This section is from the book "American Game Fishes", by W. A. Perry. Also available from Amazon: American Game Fishes: Their Habits, Habitat, and Peculiarities; How, When, and Where to Angle for Them.
"Within a short distance (soon walked) from the hotel, the three rivers above named-Gallatin, Madison and Jefferson-flow close together and are indiscriminately fished by the resident anglers. In all the rivers the Grayling, the Rocky Mountain Trout (Salvelinus purpuratus~) and White-fish (Coregonas williamsonii) can be found, but the Gallatin is the fish river of my dreams. In its waters the three fish, just named, veritably 'swarm.'
"We fished the Gallatin at a point about four miles from the town, and as I descended the bank to reach the stream, the surface of the pool before me was mottled with jumping and feeding fish. Here a Grayling, there a Trout, and in between, a White-fish. It seemed a sacrilege to the memory of Brother Izaak to place a lure before them. Stifling our qualms (easily done) we walked above the pool and cast our two flies at the lower end of the incoming rapid. Two fish, of course-one a Grayling, the other a Whitensh; the first on a brown hackle, the latter on a coachman. Again a cast, again two fish, and so on for a half-hour, alternating in species between the Trout, the Grayling, and the Whitefish.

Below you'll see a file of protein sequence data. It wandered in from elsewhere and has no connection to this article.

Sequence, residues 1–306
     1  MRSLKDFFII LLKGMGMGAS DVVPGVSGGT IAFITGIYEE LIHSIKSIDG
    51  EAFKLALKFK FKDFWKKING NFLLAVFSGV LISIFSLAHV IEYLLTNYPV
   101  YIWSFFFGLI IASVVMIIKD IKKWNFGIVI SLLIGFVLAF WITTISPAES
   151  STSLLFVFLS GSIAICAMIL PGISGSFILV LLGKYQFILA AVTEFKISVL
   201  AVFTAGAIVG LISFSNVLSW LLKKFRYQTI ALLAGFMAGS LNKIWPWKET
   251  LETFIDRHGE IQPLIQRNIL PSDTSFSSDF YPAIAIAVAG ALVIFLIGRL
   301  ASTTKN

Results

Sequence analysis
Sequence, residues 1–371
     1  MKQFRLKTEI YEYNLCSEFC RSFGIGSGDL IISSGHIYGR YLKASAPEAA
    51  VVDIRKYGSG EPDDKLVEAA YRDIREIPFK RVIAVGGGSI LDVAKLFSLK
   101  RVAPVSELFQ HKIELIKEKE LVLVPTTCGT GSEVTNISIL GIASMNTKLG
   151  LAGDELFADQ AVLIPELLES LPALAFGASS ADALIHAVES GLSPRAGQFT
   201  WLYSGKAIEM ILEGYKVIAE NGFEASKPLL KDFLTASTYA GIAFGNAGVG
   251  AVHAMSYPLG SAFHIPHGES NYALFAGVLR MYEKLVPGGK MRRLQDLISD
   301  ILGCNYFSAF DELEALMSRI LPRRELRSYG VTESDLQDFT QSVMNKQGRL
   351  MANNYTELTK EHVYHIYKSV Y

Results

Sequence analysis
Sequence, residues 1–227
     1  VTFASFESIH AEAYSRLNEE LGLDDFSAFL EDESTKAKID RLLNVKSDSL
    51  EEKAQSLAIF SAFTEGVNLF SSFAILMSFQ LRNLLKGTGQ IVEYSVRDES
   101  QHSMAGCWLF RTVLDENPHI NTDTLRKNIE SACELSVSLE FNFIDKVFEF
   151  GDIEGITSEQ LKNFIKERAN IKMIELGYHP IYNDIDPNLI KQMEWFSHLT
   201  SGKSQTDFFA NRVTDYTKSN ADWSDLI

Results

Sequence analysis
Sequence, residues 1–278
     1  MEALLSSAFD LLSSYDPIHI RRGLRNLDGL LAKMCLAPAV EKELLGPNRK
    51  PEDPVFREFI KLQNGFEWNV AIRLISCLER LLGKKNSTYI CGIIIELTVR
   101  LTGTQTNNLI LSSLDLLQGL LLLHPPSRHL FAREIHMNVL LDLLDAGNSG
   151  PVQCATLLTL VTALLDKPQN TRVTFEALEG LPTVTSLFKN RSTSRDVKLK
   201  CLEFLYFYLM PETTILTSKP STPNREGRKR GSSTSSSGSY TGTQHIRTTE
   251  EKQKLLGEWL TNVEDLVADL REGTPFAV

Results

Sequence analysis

"I did not move more than ten yards from my first position during the half-hour, at the end of which I became sated and started up-stream to fish the unlikely places, recalling to mind a similar experience on my first visit to the Gogebic Bass, when, to the surprise of my guide, I told him to take me to some place where the fish were not so plentiful. This satiated cry-'enough,' 'enough'-is doubtless a personal experience with many of my readers and it is the sign manual that distinguishes the angler from the pot-fisher.
"The Grayling of Montana, to catch which I had traveled more than 2,000 miles, did not disappoint my angling expectations. It is, I think, a stronger fish, with sturdier fighting qualities, than its congener of Michigan waters. It has a thicker, broader body, and a somewhat longer head, but is much less beautiful in contour and coloration. The Eastern fish is more clipper-built, leaping frequently from the water when hooked; in fact reminding me, measurably of course, of the Skip-jack or Lady-fish of Florida, which is almost constantly out of the water 'dancing on its tail,' when you are bringing it to creel. The leap of the Montana Grayling is not frequent, as the fish is disposed to fight deep, making longer and stronger surges under the restraint of the tackle, than those of Michigan waters. The coloration of the two fish differs: the violet bloom of the body, seemingly translucent, is of a more delicate tint in the Eastern fish and more generally diffused. The dorsal fin, from which the Graylings derive their specific name-signifcr, 'the standard bearer' - is not so high or so resplendently colored as those of the Michigan fish.